WASHINGTON – The Obama administration will announce Friday a plan to reduce the amount some troubled borrowers owe on their home loans, three people briefed on the matter said.
The people declined to be identified because the program had not yet been announced. Earlier in the day, Herbert Allison, an assistant Treasury secretary, told reporters officials are close to expanding the administration's $75 billion foreclosure relief effort.
The plan to be unveiled Friday at the White House is expected to include at least three months of temporary assistance for borrowers who have lost their jobs. It also is expected to include an expanded effort to allow borrowers refinance into Federal Housing Administration loans.
The plan would expand the administration's foreclosure-prevention program, which has been a disappointment to date. Critics have complained the program does little to encourage banks to cut borrowers' principal balances on their primary loans. Nearly one in every three homeowners with a mortgage are "under water" — they owe more than their property is worth — according to Moody's
Allison cautioned that any new plan is "not going to mean that all underwater mortgages are suddenly in the program."
Obama administration officials have been studying such issues for months. An expansion of its foreclosure-prevention program has long been expected because only 170,000 homeowners have completed the process out of 1.1 million who began it over the past year.
And lawmakers have been frustrated by the lack of results.
"It has failed," said Rep. Jackie Speier, D-Calif., at hearing of the House oversight committee on Thursday. "It has failed miserably and unfortunately we are incapable of saying: OK, this was an experiment, it didn't work, let's try something else."
The program is designed to lower borrowers' monthly payments by reducing mortgage rates to as low as 2 percent for five years and extending loan terms up to 40 years. To complete the program, homeowners need to go through a three month trial period and provide proof of their income, plus a letter documenting their financial hardship.
Though $75 billion in funding is available to the more than 100 lenders who have signed up, only a tiny fraction has been spent. Lenders had received $58 million in incentive payments as of last month, according to the Government Accountability Office.
AP Business Writer Daniel Wagner in Washington contributed to this report.
BRUSSELS – Heavily indebted Greece won a major pledge of financial support from the other countries that use the euro and the International Monetary Fund on Thursday in a deal that aims to halt a government debt crisis undermining confidence in Europe's currency union.
The joint eurozone and IMF bailout program comes with strict conditions and makes no money available right now. It could be tapped only if Greece cannot raise funds from financial markets. And it would require the unanimous agreement of the 16 eurozone countries to release the loan funds.
Eurozone nations who agreed on the plan proposed by Germany and France, the zone's two largest members, also called for much tougher rules and sanctions to prevent government debt and deficits from getting out of control in the future. They also want stricter oversight for member economies to prevent another crisis.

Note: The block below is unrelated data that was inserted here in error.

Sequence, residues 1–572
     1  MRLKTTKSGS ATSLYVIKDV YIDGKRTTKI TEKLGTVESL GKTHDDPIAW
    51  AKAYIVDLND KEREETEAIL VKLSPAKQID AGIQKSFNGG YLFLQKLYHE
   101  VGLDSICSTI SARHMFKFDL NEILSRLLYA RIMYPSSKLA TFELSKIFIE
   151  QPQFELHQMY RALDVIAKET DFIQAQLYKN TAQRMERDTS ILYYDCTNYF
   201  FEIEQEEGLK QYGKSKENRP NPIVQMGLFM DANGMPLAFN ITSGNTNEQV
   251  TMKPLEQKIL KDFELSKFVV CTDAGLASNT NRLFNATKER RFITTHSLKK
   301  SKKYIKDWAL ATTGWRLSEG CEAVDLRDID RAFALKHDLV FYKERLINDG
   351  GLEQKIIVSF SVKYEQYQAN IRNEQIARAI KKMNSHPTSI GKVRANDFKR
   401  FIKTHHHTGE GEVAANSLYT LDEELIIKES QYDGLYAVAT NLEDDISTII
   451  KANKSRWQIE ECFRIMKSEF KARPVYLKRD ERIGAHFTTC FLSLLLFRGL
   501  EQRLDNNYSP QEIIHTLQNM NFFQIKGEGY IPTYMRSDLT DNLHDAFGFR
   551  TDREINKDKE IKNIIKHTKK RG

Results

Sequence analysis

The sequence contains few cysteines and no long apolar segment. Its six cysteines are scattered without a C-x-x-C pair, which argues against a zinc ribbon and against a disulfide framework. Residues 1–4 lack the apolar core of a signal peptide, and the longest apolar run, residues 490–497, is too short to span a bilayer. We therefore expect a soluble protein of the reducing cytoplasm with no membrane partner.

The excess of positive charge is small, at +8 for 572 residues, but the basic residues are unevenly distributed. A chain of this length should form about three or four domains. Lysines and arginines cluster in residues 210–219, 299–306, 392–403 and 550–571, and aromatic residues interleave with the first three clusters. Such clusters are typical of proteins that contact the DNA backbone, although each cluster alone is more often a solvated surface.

The bailout program could be used to help other vulnerable eurozone nations such as Portugal and Spain who have seen debt soar after the global economic turmoil of the past several years saw their economies sink into recession.
The deal at a summit meeting Thursday night in Brussels was a clear victory for German Chancellor Angela Merkel, who had taken a tough line on any bailout. She demanded that a rescue for Greece only come when the country runs out of other options and said it must include the IMF.
It was also a comedown for the French and the European Central Bank, which had opposed turning to the IMF out of fear it would damage the euro's prestige and show that Europe was unable to solve its own financial woes.
The Washington D.C.-based lender has already joined the EU in bailing out and demanding budget cuts from three EU members that don't use the euro: Hungary, Latvia and Romania.
The eurozone-IMF deal was confirmed by German, Portuguese, Spanish and Greek officials at the summit of European Union leaders. They gave few details ahead of formal announcement of the deal. It was unclear whether the formal announcement would come later Thursday.
European and U.S. stock markets rose earlier Thursday on news that a financial rescue package for Greece was taking shape. Market worries over Europe's weeks-long hesitation to set up a safety net for eurozone members who can't pay their bills has sent the euro sliding to a 10-month low. The euro traded at $1.33, down from $1.51 in November.
Portugal's Prime Minister Jose Socrates told reporters all the 16 countries using the euro would contribute — including his indebted nation. "The interest rates will be reasonable and not speculative," he said.
Greek Prime Minister George Papandreou said the deal was "very satisfactory" and that he had managed to convince other governments "that they are now dealing with a Greece that is credible, that has a plan and a strategy for its course."
He also praised a European Central Bank statement that it would keep accepting lower-rated government bonds — such as Greece's — as bank collateral, which will shore up investor interest in buying Greek debt.